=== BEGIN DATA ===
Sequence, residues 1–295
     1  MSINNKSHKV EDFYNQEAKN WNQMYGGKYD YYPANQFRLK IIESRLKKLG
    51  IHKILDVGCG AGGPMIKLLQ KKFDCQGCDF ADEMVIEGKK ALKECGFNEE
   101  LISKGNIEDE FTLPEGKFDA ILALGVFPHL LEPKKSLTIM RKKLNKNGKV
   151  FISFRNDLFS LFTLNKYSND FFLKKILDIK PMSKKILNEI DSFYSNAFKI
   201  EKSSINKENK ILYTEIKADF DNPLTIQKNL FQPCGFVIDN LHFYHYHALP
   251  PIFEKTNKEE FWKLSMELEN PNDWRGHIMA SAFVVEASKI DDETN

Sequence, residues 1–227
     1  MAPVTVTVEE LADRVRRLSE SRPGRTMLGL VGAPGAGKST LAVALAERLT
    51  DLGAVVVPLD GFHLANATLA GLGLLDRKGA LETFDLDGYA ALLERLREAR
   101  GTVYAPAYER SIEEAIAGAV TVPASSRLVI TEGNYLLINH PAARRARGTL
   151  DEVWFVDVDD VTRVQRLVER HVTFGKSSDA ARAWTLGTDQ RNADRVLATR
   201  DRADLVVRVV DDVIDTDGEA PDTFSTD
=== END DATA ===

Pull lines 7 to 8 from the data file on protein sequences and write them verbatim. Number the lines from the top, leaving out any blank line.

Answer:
   251  PIFEKTNKEE FWKLSMELEN PNDWRGHIMA SAFVVEASKI DDETN

Sequence, residues 1–227